• A new video shows exactly how the novel coronavirus attacks the lungs in people infected with COVID-19, and how it can eventually kill the host.
  • 3D CT imagery usually used ahead of cancer surgeries has been applied to study lung inflammation in COVID-19 patients.
  • This video is the closest look we’ve had so far at the coronavirus symptoms, and it is helping doctors better understand why the infection could lead to life-threatening respiratory failure.
  • Visit BGR’s homepage for more stories.

More than 500,000 people were infected with novel coronavirus just a few short days ago, and we’re now at almost 615,000 cases. At the time of this writing, the US has the most cases with 104,000 COVID-19  infections, while Italy has the most fatalities at over 9,100 deaths. The novel coronavirus may start with symptoms like the flu, but it’s a lot more contagious and a lot more dangerous. The only way to slow the spread of the disease is through strict social distancing and hygiene. By staying indoors and washing hands and surfaces often, you’re buying the healthcare system the time to come up with effective COVID-19 therapies and to work on vaccine development. Because out there, nobody is safe and SARS-CoV-2 can jump with ease from person to person. Once inside the body, there are some telltale early symptoms to look out for, but they don’t always present themselves. Or you may be asymptomatic yet still be able to infect others.

Most people will survive the pandemic, but the elderly and those with preexisting medical problems will have a tough time fighting for their lives. And then there will be heartbreaking exceptions to these rules, including people who are otherwise in perfect health, as well as teens and young adults who should have had the best chance of recovery. The video below shows exactly how the virus kills a person once it has nested in the lungs.

The tiny SARS-CoV-2 virus can survive for days on certain surfaces, and once it reaches your mouth, nose or eyes, it starts replicating. The region where the virus thrives is the lungs, and that’s where the biggest battle between the immune system and COVID-19 is fought. This explains all the common symptoms you might encounter, including a sore throat, coughing, fever, fatigue, and trouble breathing. It’s your body telling you that it’s fighting an infection, although you have no idea what’s really happening at the cellular level or how the increasing armies of white blood cells are fighting the potentially deadly virus.

The same confrontation occurs even if you’re not experiencing any symptoms, or if they’re mild and don’t really bother you. The virus still reaches the lungs, where it starts attacking the cells that help you breathe.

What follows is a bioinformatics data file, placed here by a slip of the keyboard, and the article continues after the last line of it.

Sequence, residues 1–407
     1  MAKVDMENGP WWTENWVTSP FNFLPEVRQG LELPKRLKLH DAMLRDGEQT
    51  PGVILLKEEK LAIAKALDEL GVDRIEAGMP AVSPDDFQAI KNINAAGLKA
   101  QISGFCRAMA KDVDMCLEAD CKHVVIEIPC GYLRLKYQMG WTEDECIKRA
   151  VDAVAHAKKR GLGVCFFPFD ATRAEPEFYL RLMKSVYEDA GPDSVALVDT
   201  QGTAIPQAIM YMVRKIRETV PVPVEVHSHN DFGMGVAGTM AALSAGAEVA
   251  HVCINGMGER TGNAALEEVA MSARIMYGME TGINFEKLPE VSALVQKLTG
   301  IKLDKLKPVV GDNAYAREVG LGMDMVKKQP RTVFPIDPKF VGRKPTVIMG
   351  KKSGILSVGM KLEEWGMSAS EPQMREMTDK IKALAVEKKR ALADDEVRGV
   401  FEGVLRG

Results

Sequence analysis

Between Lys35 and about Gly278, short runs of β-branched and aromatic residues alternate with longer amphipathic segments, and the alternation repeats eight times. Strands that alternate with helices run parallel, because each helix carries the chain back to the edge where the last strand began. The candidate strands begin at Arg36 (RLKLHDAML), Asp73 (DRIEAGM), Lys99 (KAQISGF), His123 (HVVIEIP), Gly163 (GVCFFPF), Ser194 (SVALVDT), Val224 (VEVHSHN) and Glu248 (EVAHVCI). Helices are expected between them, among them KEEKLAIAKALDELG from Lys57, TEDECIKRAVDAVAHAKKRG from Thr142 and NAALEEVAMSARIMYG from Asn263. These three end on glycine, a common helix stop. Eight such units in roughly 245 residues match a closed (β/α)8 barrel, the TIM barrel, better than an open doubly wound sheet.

The 3D video above from George Washington University Hospital shows precisely how bad things can get even in patients who were generally feeling well before being admitted to the hospital. This CT imaging technique is used in cancer patients as doctors plan surgeries, but the technology has been adapted to help fight the novel coronavirus.

The areas in yellow show the COVID-19 infection. These are inflamed parts of the lungs and they’re everywhere in this example. A healthy person will show no signs of lung inflammation, therefore no yellow areas. That’s where the body is trying to block the infection. As the video shows, the SARS-CoV-2 virus goes everywhere inside the lung, which explains the breathing issues that appear in some COVID-19 patients, as well as the coughing.

Image source: YouTube

“This is not a 70, 80-year-old immunosuppressed, diabetic patient,” chief of thoracic surgery Dr. Keith Mortman told CNN. “Other than high blood pressure, he has no other significant medical issues. This is a guy who’s minding his own business and gets it … If we were to repeat the 360VR images now, that is one week later, there is a chance that the infection and inflammatory process could be worse.”

The man had no symptoms before arriving at the hospital, but now he’s seriously ill, requiring two different machines to keep him alive. One is the ventilator that you’ve heard politicians squabbling about on the news. It’s a device pushing oxygen into the lungs to help a patient breathe. However, that alone isn’t enough to get the job done. A secondary device called ECMO (extracorporeal membrane oxygenation) machine circulates the blood to scrub the carbon dioxide and replace it with the oxygen. It’s like an external lung. But these machines can compensate for the respiratory failure of a coronavirus patient and keep them alive only for so long. In some cases, the damage might be irreversible.

“For these patients who essentially present in progressive respiratory failure, the damage to the lungs is rapid and widespread (as evidenced in the VR video),” Mortman said. “Unfortunately, once damaged to this degree, the lungs can take a long time to heal. For approximately 2-4% (depending on which numbers you believe) of patients with COVID-19, the damage is irreversible, and they will succumb to the disease.”

This patient was in critical condition at the time the video was released earlier this week, but he may recover. Even so, it’s unclear how long-lasting the damage to the lung tissue might be once the COVID-19 virus is gone from the system.

“A lot of us, we are walking in the dark with this,” Mortman said. “So we want to understand it as best we can. This was our first patient, but I am sure he is the first of what will likely become many in the coming weeks.”

Chris Smith started writing about gadgets as a hobby, and before he knew it he was sharing his views on tech stuff with readers around the world. Whenever he's not writing about gadgets he miserably fails to stay away from them, although he desperately tries. But that's not necessarily a bad thing.